"Tomorrow hopes that we have learnt something from yesterday"- John Wayne

Happy New year 2021. 

Friday, 12 June 2020

Always Riggerous!

Since its inception, Rigger House as a company has let its work do the talking. The businesses that we bagged and the Clients that we have on our roster has been the result of one thing leading to another. We have always believed that we need to partner our Clients and vendors and this philosophy has helped us develop a bond with every single person or company that we have worked with. It has never been just the work for us, it has always been about nurturing a relationship by finding ways to support a partner or vendor better. It is this thinking that has helped us develop our new product, "Global" or made us support a vendor partner scale up to meet market demands.

Over the years, we have developed a sort of camaraderie with most of our Clients, artists and other partners that has been built on honesty and integrity. We have spoken our minds when it mattered and given an honest opinion to both Clients and vendors. This has also helped us get honest feedback from each of our partners; some of which hurt us and made us question our approach while some made us happy and vindicated but all of this have helped us become better at what we do both at a professional and personal level.

This Pandemic created a lot of changes and with it came new challenges. We had to go back to the drawing board for answers for which we had no clue as to where to start from or where we were heading to. While talking to colleague, clients, friends, relatives or other partners, it helped us understand that everybody was fighting their own battle at their own levels, be it professionally or personally. It also meant a sea change in people's personal lives as well; schedules changed overnight, roles at home had to be reversed and the new normal wasn't so normal after all.

This sprouted the idea of talking to thought leaders from different walks of life to understand their views on how they have been dealing with the situation and what they think will emerge from it. Moreover, as an event and experiential company, since we are always talking to various people, be it Clients, vendors or partners to understand from them what's new and what's not or who did what and how they did it; we thought this will also be a good time to continue that exercise by sharing what we hear and know with others as well. For us, this is not just a business exercise but our way of telling people that we are here for each other and that we can always lean on each other to contribute to the larger good.

We wanted to do this at regular intervals as a collective and hence decided to name it 'Always Riggerous", in line with our identity. The first series focusing on the present pandemic is titled, "Riggerous Minds". The idea sprung up in the last week of March and we started approaching people from the second week of April. For the first series, we have approached a diverse set of people. We have not just approached people directly associated with our business but people from fields not concerned with our regular line of work. Some of who are very popular and some not so popular but big names and leaders in their chosen fields.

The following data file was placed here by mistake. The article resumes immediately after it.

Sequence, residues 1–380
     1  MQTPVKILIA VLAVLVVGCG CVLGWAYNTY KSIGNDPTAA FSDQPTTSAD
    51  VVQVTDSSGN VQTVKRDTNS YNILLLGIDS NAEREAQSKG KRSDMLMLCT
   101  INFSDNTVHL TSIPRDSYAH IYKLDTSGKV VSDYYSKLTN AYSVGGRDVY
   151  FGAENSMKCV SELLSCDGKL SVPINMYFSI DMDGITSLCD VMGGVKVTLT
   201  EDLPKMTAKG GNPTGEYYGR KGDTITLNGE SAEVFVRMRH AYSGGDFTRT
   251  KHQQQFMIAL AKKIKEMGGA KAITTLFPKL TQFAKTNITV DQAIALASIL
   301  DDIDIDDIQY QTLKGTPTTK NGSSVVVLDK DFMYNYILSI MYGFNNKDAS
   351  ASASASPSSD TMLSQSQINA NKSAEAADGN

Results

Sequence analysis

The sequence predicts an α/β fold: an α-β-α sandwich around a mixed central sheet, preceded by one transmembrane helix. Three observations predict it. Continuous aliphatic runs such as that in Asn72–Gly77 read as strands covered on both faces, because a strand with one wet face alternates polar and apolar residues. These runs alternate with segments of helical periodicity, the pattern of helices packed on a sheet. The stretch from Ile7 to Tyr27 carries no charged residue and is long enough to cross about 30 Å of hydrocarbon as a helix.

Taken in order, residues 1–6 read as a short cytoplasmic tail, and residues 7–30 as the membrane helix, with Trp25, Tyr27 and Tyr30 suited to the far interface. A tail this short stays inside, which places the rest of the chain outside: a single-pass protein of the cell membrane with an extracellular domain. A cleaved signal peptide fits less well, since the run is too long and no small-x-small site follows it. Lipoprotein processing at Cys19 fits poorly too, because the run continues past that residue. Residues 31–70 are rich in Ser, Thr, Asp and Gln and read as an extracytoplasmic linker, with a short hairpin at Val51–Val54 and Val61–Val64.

We start this series off with a very popular TV host who is responsible for changing the EDM and festival scene in the Country followed by a creative genius who creates masterpieces and awe inspiring experiences for the events and entertainment industry. From outside our immediate business associates, we also have a woman who decided to pursue her passion and is one of the only Indian women to have participated and completed in an Ironman event. All of us have our passions and one of us at Rigger House is big time into sky diving so much so that given a chance, our friend will probably leave everything to live that life. His mentor who is also a world recorder holder is one of the people that we have spoken to. We also have some of our Clients who we deeply admire and are inspired by to give us their views and thoughts. These partners have become our eyes, ears and minds in the market. They are our beacons to newer horizons. The backbone of any event management company is our vendor partners and we have spoken to leaders in this space as well to try to understand from them their struggles and aspirations especially during these troubles times.

We have not just asked relevant business related questions but also tried to make each person realise the small joys of life that we have taken for granted. This pandemic and the natural disasters of the last few years across the World has taught us that when it comes to dealing with the forces of nature, all our ideas, plans and contingencies will come to nought. No amount of economic or financial help will help us overcome these struggles and shortcomings without basic humanity and empathy.

As a company, we will look to partner to deliver World class experiences while always ensuring that we remain the best partners to everybody concerned. We hope that this initiative helps not just us but the audience to get a sneak peek into the thought process of these leaders while helping these leaders look at things from a different perspective.

We hope that this is the start for greater things to come!

"Alone we can do so little; together we can do so much." – Helen Keller







Friday, 22 May 2020

The Silver Lining!


The last couple of months have been a rude awakening for all of us. This Pandemic has made us re-look at our priorities and our general approach to our personal and our professional lives. The plans and forecasts that were being put into motion became redundant overnight. From an industry standpoint, it seems like the Hospitality, aviation, and the event services and entertainment industry has been the hardest hit due to this crisis. Confirmed events got cancelled, bookings made in advance had to be called off, work that was in progress had to be stopped and the skill sets that we had harnessed and polished over the last years suddenly became useless. As event managers, a saying that is often repeated is, "One is only as good as their last event"; but in this case, even that isn’t good enough.